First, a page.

Sunday Links, April 21, 2013

The longlist for the Frank O’Connor International Short Story Award for 2013 has been announced. I could happily spend the rest of the year just reading books on that list.

Commonwealth PrizeThe shortlist for the Commonwealth Book Prize for 2013 has been announced. This prize is awarded for works written in five geographic regions: Africa, Asia, Canada and Europe, Caribbean, and the Pacific. The idea is to give writers in those regions, which have a less established publishing infrastructure, a chance to compete with those in countries where there are more opportunities. There isn’t a book on the list that I’ve heard of, but there are plenty that sound like they would be well worth my time.

The finalists for the 2013 Prometheus Award have been named. The award comes from the Libertarian Society, which makes its award for the book that is the most pro-freedom.

The 2013 IMPAC Dublin Literary Award shortlist has been announced.

Publishers Weekly offers its list of the best books coming this summer, divided by genre. There isn’t a single book on the lists of the genres I read that doesn’t look delicious to me.

Granta’s listing of the best writers under 40 inspired Damien Walter to put together his own list of the best young writers of speculative fiction. Using this list as a guide for your summer reading would take you to lots of strange and wonderful places.

edward cullen's ashesI am thoroughly fed up with reading about vampires. Ever since Anne Rice wrote Interview with the Vampire in 1976, we’ve been flooded with tales of the undead, and they’ve become more lovable and shiny until we wound up with the shiny Edward Cullen. But along the way, some really good writing happened, with really good ideas. This list of the ten best neglected vampire novels looks to be full of good stuff. I’ve read two of the novels and found them to be excellent, which encourages me to read the others. (Image from the website Polish the Stars.)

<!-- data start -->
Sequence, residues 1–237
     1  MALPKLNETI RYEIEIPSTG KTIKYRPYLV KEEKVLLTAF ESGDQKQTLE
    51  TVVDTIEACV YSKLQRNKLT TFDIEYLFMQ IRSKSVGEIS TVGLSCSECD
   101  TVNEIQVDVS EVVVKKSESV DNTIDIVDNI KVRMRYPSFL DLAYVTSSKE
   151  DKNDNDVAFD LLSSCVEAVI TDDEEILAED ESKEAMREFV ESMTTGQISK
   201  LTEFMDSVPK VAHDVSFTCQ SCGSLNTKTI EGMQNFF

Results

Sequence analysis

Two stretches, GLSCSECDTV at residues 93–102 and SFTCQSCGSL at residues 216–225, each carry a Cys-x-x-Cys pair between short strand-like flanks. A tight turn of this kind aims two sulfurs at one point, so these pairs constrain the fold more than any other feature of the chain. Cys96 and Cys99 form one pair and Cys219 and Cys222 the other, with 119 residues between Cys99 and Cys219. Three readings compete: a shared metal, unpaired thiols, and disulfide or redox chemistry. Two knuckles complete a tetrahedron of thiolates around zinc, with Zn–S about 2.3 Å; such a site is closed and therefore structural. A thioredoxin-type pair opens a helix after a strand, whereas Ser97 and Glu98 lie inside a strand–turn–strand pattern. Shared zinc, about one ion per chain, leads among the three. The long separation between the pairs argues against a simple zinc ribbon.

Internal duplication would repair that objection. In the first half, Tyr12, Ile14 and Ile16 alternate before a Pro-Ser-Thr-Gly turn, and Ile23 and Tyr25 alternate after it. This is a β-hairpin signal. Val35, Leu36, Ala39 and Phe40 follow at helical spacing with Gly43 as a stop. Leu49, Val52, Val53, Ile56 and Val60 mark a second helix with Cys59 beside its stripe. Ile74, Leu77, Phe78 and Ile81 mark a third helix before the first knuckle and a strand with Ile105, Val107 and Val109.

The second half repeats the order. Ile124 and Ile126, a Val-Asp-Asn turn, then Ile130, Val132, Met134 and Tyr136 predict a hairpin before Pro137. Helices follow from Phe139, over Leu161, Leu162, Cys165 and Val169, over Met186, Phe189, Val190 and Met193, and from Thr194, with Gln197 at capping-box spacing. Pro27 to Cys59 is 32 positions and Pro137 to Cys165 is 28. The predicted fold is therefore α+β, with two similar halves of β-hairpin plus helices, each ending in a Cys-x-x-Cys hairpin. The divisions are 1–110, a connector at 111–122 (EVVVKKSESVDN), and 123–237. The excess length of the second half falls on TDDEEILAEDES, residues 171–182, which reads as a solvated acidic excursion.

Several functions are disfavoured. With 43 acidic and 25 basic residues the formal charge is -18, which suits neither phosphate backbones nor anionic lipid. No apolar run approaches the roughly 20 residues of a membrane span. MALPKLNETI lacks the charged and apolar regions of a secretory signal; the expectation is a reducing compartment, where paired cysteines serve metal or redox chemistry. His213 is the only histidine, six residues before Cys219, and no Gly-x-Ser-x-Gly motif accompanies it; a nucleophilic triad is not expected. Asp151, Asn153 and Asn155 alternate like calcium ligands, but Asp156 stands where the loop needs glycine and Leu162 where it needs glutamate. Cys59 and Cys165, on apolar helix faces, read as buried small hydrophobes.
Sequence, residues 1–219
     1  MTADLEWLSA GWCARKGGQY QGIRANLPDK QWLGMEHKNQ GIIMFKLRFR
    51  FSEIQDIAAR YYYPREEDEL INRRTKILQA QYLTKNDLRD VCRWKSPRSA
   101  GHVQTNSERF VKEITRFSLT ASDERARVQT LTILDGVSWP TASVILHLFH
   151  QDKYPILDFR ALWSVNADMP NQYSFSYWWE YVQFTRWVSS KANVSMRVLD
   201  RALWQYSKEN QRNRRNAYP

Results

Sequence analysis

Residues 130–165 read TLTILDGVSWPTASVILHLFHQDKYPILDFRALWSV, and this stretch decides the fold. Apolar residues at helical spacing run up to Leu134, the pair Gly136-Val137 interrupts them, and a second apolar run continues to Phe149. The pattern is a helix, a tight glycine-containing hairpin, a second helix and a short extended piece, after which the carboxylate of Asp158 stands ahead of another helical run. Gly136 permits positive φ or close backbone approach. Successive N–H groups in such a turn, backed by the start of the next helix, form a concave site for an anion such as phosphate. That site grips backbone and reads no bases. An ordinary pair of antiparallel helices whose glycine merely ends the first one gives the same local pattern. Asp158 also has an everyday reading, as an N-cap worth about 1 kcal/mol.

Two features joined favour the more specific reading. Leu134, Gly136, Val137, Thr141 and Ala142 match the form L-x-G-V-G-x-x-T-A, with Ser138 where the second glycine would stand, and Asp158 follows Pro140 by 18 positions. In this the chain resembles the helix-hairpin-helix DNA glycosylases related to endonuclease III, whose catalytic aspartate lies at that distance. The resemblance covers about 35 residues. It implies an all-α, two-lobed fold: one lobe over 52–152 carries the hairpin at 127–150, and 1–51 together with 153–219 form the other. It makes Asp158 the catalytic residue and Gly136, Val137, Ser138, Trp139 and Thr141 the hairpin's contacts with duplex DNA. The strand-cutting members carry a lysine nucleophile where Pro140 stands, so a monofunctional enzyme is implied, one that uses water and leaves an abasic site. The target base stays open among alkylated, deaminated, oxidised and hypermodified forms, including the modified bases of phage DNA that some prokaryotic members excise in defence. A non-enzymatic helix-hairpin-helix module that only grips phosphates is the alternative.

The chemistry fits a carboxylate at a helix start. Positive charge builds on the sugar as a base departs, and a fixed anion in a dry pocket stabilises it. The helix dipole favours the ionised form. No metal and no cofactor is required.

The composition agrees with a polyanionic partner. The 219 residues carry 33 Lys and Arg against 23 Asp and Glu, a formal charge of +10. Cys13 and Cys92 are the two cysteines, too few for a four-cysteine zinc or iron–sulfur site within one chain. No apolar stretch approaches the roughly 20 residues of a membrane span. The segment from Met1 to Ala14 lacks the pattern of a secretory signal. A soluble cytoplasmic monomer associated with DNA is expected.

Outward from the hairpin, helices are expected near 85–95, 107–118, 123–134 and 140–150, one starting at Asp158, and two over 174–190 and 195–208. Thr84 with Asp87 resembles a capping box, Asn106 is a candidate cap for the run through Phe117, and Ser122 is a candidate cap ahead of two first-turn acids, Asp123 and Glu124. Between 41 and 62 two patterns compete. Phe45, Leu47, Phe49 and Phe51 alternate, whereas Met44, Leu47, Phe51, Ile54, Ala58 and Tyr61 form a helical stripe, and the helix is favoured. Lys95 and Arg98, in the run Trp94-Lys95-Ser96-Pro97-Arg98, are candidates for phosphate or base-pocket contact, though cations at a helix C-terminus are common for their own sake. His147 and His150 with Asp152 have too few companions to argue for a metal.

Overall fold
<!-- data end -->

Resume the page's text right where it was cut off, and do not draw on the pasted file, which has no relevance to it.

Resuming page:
Modern Broad offers a discussion of how best to write a horror short story. The theory is that a “turn” in the plot — not a “twist,” which the author rejects as “gimmicky” — makes a story memorable.

And speaking of horror: horror writer extraordinaire Laird Barron has put together a list of horror writers that you’ll want to check out if you enjoy this genre. And don’t forget Barron’s own stuff; he writes some of the most horrifying stories I’ve ever read, stories that make your average ghost story seem like a walk in the park. I’m still haunted by a number of his stories, and particularly images that are so well described that I can call them up at a moment’s notice. Not that I’d want to, mind you.

I’ve heard of retronyms, but contronyms? This may be a new coinage: a word for words that mean one thing and, at the same time, its opposite. “Cleave” may be my favorite of the 14 words discussed in the linked article.

It’s no mystery that I would dearly love to return to school and obtain a doctorate in English. Katie Roiphe writes about how such a degree has enriched her life. Maybe one day. . . .